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Here's the setup: I've created a user control MyUserControl. On this control is a simple label. When I drop a new instance of this control on a form, I would like the label to be the name of the control. For example, if this is the first instance of the control, VStudio automatically sets the name of it to be "myUserControl1". I would simply like the label to read "myUserControl1". If this is the fifth control, VStudio will name it myUserControl5. I would like the label to change accordingly... but only if it hasn't already been set. Once I set it to read "The Label", it should be left alone.

I thought it would be easy. In the constructor, set label1.Text = this.Name. But then I realized, at instantiation this.Name is simply MyUserControl. It hasn't been named yet by VisualStudio and the CONTAINING InitializeComponent() method.

Ah! I'll just override the "Name" field. When it gets set, check for DesignMode and update the label!... but I can't override the name. It's not virtual or abstract. I can use "new" to force it, but then, it never fires, thus defeating the purpose.

Which event can I use to denote when the designer has named the control? I know that the redmond folks do it all the time when they drop a control on the form, so it's very possible. I'm actually quite stumped by this little riddle.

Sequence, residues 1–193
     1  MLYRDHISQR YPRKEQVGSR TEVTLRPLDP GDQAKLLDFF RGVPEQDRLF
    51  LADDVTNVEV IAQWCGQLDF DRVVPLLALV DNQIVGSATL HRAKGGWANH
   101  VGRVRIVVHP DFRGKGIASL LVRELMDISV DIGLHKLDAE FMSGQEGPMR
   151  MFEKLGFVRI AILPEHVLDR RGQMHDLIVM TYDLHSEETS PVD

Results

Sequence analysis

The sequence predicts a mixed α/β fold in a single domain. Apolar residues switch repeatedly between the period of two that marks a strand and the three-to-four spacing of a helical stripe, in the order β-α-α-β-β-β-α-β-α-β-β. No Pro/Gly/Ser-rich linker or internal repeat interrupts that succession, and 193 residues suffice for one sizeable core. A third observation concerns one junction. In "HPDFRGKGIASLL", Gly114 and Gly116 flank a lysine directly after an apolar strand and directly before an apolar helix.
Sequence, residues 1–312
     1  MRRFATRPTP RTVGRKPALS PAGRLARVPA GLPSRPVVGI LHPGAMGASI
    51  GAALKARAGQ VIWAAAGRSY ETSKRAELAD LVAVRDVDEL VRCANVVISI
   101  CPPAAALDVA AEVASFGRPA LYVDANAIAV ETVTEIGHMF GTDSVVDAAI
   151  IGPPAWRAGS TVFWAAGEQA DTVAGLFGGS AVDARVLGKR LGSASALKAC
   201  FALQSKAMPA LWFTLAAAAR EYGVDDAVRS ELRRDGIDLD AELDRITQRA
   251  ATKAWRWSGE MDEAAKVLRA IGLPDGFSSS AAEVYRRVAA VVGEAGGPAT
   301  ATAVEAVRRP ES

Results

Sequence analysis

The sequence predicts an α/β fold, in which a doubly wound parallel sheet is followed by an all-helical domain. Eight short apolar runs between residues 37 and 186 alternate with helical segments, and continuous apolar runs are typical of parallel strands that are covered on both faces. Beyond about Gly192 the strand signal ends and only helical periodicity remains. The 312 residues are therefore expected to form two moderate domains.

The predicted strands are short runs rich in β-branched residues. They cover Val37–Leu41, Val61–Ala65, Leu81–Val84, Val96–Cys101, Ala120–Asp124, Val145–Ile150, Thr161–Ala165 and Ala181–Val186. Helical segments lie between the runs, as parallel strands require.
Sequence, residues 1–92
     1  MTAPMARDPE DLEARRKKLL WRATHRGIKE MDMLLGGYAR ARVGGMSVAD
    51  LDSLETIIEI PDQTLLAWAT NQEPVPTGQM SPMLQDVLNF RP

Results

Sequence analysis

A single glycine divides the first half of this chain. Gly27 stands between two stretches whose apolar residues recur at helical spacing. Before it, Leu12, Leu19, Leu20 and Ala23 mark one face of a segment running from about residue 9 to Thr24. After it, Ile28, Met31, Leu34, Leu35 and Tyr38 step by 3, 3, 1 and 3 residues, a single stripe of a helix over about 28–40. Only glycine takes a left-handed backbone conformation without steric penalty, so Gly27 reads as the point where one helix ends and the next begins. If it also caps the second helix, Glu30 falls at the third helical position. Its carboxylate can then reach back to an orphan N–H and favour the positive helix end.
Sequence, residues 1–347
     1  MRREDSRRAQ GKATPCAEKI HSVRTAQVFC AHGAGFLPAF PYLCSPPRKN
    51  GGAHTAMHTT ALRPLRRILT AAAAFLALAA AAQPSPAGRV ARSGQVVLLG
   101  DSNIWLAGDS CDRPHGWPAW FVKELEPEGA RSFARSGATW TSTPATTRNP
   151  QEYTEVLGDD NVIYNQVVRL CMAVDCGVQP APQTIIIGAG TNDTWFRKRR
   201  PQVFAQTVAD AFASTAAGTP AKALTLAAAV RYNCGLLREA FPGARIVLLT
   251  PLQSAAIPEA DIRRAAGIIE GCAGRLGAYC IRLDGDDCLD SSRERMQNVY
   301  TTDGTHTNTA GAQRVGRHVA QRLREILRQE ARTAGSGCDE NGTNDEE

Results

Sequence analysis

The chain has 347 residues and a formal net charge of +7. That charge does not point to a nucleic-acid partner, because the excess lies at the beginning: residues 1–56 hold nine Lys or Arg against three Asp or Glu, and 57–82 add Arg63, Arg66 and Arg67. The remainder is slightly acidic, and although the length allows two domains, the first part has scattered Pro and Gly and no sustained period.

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Interesting challenge. I only came up with a few ways that work fine until you delete or cut/paste any of the user controls. The Name property just doesn't seem to be actually changed at design time. Gotta do some real work now... good luck! –  Igby Largeman Nov 8 '11 at 16:38
2  
This requires a custom designer. ControlDesigner.InitializeNewComponent() is a good example. Problem is, the designer for UserControl is not public so can't be derived from. –  Hans Passant Nov 8 '11 at 19:20
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3 Answers

What about overriding the OnLoad method, which calls the Load event?

If that doesn't work, it's a bit sloppy, but you could use the TextChanged event, or the SizeChanged event as these are both called after the Name property is set by the designer (it sets the values in alphabetical order).

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It still left the name as "MyUserControl" instead of myUserControl5. –  Jerry Nov 8 '11 at 15:41
    
Both of them? Hmmm... my only other suggestion would be setting a timer to wait keep checking for a change (then stopping it when there is a change). –  Connell Watkins Nov 8 '11 at 15:48
    
No. I'm certain that the TextChanged or SizeChanged event would work, but -- as you noted -- it's very sloppy. I know there's got to be a very simple method to do this. Introducing sloppy code for such a simple thing is bound to lead to other errors down the road. –  Jerry Nov 8 '11 at 15:58
    
This is very true and I'd be searching for another way if I were in your shoes. But if it came to it and I couldn't find a better way, I'd implement that and heavily comment it explaining what it does for future reference.. –  Connell Watkins Nov 8 '11 at 16:02
    
Maybe you should re-think the reasoning? Perhaps the Name isn't the right thing for the job. Usually the designer sets the Text property of a UserControl to this name, could you just use that? –  Connell Watkins Nov 8 '11 at 16:03
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Edit the designer file. For example, say I have a Form named Form1. So, I would have Form1.cs, Form1.resx, and Form1.Designer.cs in visual studio. If opening Form1.Designer.cs you will see this:

   #region Windows Form Designer generated code